Dear Tom and Ray:
I write with anguish at the boneheaded advice you gave to the dad whose 8-year-old daughter gets car sick. Sure, putting her up front in the passenger seat might help her car sickness, but probably by ending her life or sentencing her to serve it out in an iron lung. From the column: "If she's properly belted in and far enough back from the air bag, she should be fine." Yeah, if she never moves a muscle, if she doesn't slide forward to let her feet drop comfortably off the seat cushion, if she never leans forward to change the radio station or pick up a box of tissues off the floor. I hope you correct this bad information. -- Officer Mark Bergin, Child Seat Safety Coordinator, Alexandria, Va.
Tom: Well, you told us, didn't you! Thanks, Mark.
Ray: We stand corrected. Obviously, the safest place for a child is always in the back seat. And NHTSA (the National Highway Traffic Safety Administration) recommends the back seat for all kids 12 and under, since you can't rely on them to sit still even if they are belted in.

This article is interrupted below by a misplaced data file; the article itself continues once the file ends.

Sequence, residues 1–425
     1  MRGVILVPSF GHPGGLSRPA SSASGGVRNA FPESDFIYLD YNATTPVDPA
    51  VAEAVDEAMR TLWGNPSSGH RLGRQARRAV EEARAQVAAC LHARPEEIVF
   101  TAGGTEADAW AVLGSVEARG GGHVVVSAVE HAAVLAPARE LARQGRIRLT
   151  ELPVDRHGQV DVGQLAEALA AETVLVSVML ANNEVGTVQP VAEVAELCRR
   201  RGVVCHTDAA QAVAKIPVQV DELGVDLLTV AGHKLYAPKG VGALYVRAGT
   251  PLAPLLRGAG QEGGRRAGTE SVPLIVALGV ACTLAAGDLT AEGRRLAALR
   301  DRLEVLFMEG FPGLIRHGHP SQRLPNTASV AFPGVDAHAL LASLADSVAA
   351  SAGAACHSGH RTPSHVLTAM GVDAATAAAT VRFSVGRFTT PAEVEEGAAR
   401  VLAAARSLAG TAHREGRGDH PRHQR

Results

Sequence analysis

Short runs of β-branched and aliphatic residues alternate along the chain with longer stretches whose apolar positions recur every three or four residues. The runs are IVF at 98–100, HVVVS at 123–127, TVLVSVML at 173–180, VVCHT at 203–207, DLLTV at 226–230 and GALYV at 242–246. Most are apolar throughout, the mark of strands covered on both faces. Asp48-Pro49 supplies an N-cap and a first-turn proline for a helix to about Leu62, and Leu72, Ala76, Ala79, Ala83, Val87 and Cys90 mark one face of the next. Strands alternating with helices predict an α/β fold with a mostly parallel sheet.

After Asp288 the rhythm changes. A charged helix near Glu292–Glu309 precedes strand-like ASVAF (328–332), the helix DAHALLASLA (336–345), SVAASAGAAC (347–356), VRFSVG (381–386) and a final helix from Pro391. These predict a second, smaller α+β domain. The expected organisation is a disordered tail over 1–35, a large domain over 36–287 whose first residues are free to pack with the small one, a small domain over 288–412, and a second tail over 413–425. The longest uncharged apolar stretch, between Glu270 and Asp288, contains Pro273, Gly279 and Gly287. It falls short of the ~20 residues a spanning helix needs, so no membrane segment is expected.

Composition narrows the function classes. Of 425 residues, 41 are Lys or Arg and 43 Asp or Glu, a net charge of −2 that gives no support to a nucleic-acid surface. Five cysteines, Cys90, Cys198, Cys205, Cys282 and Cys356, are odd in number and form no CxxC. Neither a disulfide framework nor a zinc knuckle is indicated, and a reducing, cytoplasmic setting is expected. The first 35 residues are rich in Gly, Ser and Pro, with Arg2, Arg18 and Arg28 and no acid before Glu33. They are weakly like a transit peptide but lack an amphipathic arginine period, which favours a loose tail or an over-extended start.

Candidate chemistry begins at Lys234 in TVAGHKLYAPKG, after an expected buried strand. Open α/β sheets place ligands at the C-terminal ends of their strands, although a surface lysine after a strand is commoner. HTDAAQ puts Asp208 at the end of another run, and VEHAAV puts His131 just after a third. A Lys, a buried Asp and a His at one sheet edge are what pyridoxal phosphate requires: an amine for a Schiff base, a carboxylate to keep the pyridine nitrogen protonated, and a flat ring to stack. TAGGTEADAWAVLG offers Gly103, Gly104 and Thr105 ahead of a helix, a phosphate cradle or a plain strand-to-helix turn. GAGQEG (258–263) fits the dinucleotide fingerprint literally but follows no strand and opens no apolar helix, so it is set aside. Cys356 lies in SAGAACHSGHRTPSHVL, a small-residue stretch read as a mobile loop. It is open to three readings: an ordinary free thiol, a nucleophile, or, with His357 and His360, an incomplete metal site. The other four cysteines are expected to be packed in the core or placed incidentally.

Tom: So we'd like to amend our advice to the dad with the car sick 8-year-old. Scratch the front seat suggestion. We recommend plastic seat covers and a case of Lysol.
What's the life of a transmission?
How long can one reasonably expect a manual transmission to last these days? I drive a 1991 Volvo wagon. At 33,000 miles, I had my First and Second gear synchros replaced by Volvo. Then 60,000 miles later, I had the same symptoms and same diagnosis. I was given two options: $1,200 to fix it or $1,500 for a factory rebuilt transmission. -- Serge
Tom: A transmission certainly should last 100,000 miles, Serge. In fact, it should last far longer than that unless you drive like an animal.
Ray: I'm guessing that there was something awry in that original transmission. I don't know what it was, but my guess is that it was mis-manufactured.
Tom: Right. Olaf dropped it on his foot when he was trying to install it because he had too much aquavit during lunch.